by George Saunders, 2017
narrated by the author, Nick Offerman, David Sedaris, and 163 others*
I don’t say this lightly, but Lincoln in the Bardo is unlike any book I’ve ever read. Turning the notion of the historical novel on its head, Saunders builds on the recorded fact of the death of Abraham Lincoln’s son Willie and the bereaved father’s visit to his son’s tomb. It is this unique combination of fact and fiction that makes this story so different from any other musings on not just life after death, but that space in between life and death. It is impossible to not have heard about this book, as it has won much praise and is this year’s Booker Prize winner, yet I was not at all prepared for what I encountered in these pages.
by Colson Whitehead, 2016
After languishing at nearly number 500 on the waitlist, The Underground Railroad finally came in at the library! Anyone who reads any sort of books is likely to have heard of this blessed-by-Oprah, National Book Award, Pulitzer Prize winner and I was experiencing an acute case of FOMO with this one. The only question I had was, would it live up to the hype?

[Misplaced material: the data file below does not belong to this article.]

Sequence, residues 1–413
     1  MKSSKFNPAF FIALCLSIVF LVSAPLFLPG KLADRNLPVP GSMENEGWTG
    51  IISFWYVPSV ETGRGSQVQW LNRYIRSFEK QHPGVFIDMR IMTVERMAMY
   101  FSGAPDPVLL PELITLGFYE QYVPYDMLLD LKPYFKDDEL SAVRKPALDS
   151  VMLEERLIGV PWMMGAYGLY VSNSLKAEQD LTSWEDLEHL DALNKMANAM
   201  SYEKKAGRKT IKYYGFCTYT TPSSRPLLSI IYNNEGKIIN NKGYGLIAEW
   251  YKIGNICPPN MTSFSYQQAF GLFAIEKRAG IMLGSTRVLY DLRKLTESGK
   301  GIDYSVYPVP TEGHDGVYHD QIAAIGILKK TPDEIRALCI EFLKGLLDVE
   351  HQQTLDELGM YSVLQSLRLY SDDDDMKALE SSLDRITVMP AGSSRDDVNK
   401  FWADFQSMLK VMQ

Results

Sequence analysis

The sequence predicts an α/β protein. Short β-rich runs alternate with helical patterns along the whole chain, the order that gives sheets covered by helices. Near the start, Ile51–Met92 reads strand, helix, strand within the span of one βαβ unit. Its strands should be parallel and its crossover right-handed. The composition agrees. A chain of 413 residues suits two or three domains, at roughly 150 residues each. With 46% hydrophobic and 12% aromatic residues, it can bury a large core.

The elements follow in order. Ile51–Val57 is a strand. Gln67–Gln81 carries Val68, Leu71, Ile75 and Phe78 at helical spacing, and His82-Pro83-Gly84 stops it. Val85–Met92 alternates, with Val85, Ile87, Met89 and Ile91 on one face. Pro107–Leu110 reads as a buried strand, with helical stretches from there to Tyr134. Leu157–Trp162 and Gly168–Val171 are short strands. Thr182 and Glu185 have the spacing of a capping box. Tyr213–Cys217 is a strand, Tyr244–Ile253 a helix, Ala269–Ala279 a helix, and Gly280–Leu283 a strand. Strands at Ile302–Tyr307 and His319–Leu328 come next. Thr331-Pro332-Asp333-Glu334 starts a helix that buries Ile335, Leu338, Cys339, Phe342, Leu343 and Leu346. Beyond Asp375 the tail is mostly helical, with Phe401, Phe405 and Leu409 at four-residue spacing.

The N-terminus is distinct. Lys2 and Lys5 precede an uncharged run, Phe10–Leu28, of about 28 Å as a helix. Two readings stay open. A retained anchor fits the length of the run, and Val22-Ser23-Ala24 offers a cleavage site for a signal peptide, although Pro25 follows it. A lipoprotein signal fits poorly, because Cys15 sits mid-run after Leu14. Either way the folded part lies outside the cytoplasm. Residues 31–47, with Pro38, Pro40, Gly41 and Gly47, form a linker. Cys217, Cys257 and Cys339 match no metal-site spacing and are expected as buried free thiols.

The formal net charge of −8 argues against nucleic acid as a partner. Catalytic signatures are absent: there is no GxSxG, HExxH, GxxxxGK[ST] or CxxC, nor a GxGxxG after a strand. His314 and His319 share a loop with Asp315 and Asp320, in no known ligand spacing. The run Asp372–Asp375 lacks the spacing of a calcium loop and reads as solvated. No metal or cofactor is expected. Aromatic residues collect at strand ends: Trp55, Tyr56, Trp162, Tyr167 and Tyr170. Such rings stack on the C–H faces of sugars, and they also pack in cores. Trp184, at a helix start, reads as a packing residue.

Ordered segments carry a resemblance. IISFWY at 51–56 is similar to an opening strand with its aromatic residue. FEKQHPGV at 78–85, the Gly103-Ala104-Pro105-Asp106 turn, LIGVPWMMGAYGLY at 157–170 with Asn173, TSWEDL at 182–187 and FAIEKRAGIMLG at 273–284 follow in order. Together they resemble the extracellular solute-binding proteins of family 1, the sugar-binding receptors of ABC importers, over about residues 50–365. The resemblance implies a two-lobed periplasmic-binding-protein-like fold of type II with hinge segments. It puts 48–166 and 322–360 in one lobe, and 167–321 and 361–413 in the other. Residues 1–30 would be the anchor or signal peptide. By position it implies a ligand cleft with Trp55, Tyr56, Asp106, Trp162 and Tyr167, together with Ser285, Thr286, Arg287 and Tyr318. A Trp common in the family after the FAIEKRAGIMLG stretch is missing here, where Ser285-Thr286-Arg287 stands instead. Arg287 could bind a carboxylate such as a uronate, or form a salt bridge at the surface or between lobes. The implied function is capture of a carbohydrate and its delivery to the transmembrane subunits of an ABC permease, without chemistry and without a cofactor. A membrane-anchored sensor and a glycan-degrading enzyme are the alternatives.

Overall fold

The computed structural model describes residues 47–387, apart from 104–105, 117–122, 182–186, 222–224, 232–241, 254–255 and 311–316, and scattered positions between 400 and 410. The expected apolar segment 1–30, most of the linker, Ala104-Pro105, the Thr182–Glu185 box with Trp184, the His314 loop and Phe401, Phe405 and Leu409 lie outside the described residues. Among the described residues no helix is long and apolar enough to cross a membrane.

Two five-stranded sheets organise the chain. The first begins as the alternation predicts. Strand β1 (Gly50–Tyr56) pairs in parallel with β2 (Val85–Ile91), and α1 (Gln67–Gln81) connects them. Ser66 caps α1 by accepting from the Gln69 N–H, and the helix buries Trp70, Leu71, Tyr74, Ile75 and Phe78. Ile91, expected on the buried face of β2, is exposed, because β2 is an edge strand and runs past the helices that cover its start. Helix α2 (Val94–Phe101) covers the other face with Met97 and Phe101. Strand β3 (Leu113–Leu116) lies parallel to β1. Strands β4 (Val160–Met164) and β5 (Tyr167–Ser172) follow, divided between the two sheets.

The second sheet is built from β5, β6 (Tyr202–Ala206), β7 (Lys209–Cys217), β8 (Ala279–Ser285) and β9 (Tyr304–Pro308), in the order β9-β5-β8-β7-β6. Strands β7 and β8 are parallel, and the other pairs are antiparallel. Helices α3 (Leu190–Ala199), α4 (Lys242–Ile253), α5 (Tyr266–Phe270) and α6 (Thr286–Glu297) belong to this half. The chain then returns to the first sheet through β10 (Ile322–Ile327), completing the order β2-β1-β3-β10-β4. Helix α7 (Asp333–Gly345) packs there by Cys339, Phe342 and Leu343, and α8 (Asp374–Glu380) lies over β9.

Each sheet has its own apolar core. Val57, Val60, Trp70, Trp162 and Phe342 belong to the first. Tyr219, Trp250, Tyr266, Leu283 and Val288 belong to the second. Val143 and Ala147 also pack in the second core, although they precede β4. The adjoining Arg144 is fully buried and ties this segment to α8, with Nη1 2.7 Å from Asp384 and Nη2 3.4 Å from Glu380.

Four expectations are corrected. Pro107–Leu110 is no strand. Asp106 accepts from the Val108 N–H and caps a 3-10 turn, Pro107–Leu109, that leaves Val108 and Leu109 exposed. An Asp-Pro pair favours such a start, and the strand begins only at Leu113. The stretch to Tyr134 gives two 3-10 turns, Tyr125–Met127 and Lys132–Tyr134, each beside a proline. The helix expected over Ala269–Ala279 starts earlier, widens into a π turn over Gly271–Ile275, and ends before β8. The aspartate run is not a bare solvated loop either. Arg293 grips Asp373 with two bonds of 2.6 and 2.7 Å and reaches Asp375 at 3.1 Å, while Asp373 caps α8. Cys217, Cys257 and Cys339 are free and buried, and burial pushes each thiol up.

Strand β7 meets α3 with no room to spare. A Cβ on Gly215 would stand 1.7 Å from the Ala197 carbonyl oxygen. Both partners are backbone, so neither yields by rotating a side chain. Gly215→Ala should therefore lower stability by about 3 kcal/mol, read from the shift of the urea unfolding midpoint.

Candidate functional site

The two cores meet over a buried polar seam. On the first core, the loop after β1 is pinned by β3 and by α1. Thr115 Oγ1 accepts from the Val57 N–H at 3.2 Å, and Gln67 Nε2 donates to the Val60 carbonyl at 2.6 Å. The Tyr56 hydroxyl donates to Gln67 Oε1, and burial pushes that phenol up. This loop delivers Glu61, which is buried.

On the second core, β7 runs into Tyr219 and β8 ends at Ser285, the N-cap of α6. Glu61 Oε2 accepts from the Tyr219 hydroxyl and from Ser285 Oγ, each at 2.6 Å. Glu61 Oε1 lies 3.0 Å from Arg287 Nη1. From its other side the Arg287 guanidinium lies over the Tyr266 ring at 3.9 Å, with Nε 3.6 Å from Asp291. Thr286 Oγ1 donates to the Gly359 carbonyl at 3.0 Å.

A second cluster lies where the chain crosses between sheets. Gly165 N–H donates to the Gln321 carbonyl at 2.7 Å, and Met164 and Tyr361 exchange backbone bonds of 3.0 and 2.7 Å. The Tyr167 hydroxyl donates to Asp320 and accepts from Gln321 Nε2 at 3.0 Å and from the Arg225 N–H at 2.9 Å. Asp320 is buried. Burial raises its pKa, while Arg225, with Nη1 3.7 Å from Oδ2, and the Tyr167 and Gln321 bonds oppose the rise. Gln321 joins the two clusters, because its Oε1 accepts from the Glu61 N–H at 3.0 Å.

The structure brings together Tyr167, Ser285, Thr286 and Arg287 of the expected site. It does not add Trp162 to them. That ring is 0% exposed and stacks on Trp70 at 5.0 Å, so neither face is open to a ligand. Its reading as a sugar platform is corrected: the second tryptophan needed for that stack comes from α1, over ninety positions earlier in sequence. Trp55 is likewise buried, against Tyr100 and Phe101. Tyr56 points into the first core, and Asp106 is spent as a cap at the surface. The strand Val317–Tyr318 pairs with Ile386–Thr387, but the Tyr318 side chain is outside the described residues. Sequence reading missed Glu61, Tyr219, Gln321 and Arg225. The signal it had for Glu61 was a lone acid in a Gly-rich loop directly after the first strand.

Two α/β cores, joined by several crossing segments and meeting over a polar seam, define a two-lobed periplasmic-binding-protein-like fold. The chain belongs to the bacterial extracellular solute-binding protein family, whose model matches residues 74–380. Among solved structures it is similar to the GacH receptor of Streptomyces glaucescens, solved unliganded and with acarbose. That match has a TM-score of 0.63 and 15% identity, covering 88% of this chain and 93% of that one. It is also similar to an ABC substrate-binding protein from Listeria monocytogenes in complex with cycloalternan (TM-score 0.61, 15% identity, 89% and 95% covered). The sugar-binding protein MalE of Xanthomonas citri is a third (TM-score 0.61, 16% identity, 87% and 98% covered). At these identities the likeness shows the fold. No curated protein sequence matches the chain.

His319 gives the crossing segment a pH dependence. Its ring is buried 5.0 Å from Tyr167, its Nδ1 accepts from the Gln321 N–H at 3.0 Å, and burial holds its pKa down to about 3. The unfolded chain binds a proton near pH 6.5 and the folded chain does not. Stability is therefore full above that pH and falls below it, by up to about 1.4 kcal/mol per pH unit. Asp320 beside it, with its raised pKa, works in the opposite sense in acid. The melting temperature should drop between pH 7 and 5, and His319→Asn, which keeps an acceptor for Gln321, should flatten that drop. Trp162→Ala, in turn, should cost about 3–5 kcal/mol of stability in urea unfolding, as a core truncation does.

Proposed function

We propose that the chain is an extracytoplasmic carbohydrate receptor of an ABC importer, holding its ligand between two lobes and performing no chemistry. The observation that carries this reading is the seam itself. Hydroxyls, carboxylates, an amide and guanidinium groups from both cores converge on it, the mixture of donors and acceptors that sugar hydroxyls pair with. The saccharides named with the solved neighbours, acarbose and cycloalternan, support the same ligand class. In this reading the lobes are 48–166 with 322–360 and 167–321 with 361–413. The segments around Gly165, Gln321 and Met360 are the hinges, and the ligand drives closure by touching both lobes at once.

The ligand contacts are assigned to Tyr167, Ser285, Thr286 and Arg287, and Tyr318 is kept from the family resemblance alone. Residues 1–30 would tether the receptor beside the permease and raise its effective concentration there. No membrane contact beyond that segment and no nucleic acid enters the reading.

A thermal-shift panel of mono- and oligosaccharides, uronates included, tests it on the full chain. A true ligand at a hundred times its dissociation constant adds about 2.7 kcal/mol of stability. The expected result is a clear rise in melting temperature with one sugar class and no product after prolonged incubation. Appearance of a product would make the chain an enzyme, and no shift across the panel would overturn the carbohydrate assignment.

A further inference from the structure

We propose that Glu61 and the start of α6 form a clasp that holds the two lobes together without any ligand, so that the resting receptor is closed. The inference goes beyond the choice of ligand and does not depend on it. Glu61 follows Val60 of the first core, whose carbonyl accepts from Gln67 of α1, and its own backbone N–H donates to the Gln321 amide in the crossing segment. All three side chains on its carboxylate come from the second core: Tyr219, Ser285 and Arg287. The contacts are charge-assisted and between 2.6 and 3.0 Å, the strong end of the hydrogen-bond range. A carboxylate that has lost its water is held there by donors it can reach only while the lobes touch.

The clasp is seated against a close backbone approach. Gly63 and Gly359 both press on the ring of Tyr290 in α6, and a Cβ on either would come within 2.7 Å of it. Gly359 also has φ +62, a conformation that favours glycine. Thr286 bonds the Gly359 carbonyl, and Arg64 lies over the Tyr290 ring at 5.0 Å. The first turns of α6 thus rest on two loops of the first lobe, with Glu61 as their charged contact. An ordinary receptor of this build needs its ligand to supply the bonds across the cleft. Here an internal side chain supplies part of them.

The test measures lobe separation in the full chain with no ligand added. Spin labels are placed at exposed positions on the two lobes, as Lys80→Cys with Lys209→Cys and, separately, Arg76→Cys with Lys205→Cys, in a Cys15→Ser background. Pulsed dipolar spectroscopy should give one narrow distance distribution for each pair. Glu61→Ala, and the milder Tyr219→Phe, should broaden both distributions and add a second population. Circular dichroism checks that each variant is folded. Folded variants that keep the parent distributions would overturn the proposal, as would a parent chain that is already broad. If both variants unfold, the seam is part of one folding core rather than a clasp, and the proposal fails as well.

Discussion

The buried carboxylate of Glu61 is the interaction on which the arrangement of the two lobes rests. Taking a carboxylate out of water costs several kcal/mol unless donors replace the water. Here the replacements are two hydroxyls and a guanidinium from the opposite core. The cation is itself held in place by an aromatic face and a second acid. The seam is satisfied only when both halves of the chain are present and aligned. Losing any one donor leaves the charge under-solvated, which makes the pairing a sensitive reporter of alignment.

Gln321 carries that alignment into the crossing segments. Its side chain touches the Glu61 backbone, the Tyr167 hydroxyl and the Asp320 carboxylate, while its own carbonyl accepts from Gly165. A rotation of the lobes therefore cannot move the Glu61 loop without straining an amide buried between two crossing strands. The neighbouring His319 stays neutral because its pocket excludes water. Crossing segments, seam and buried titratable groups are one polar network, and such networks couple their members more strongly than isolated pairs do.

Roots: The Saga of an American Family (Alex Haley, 1976) is, I would venture to say, one of the best and most influential books I’ve read. I’ve never seen the miniseries, so I came to the book with only the vaguest knowledge that it was about slavery and the genealogy of Haley’s family back to its African roots. It is at times harrowing, hopeful, nostalgic, longing, powerful, and unforgettable. It is one of the most difficult books I’ve read, not just because it clocks in at 728 pages, but because it contains some of the most graphic scenes of torture I’ve ever come across. It is not for the faint of heart and I found myself, on multiple occasions, trying to suppress my emotion while reading it on the el. But for all the history it contains, much of it we would like to wipe from our collective American memory, it is worth the effort.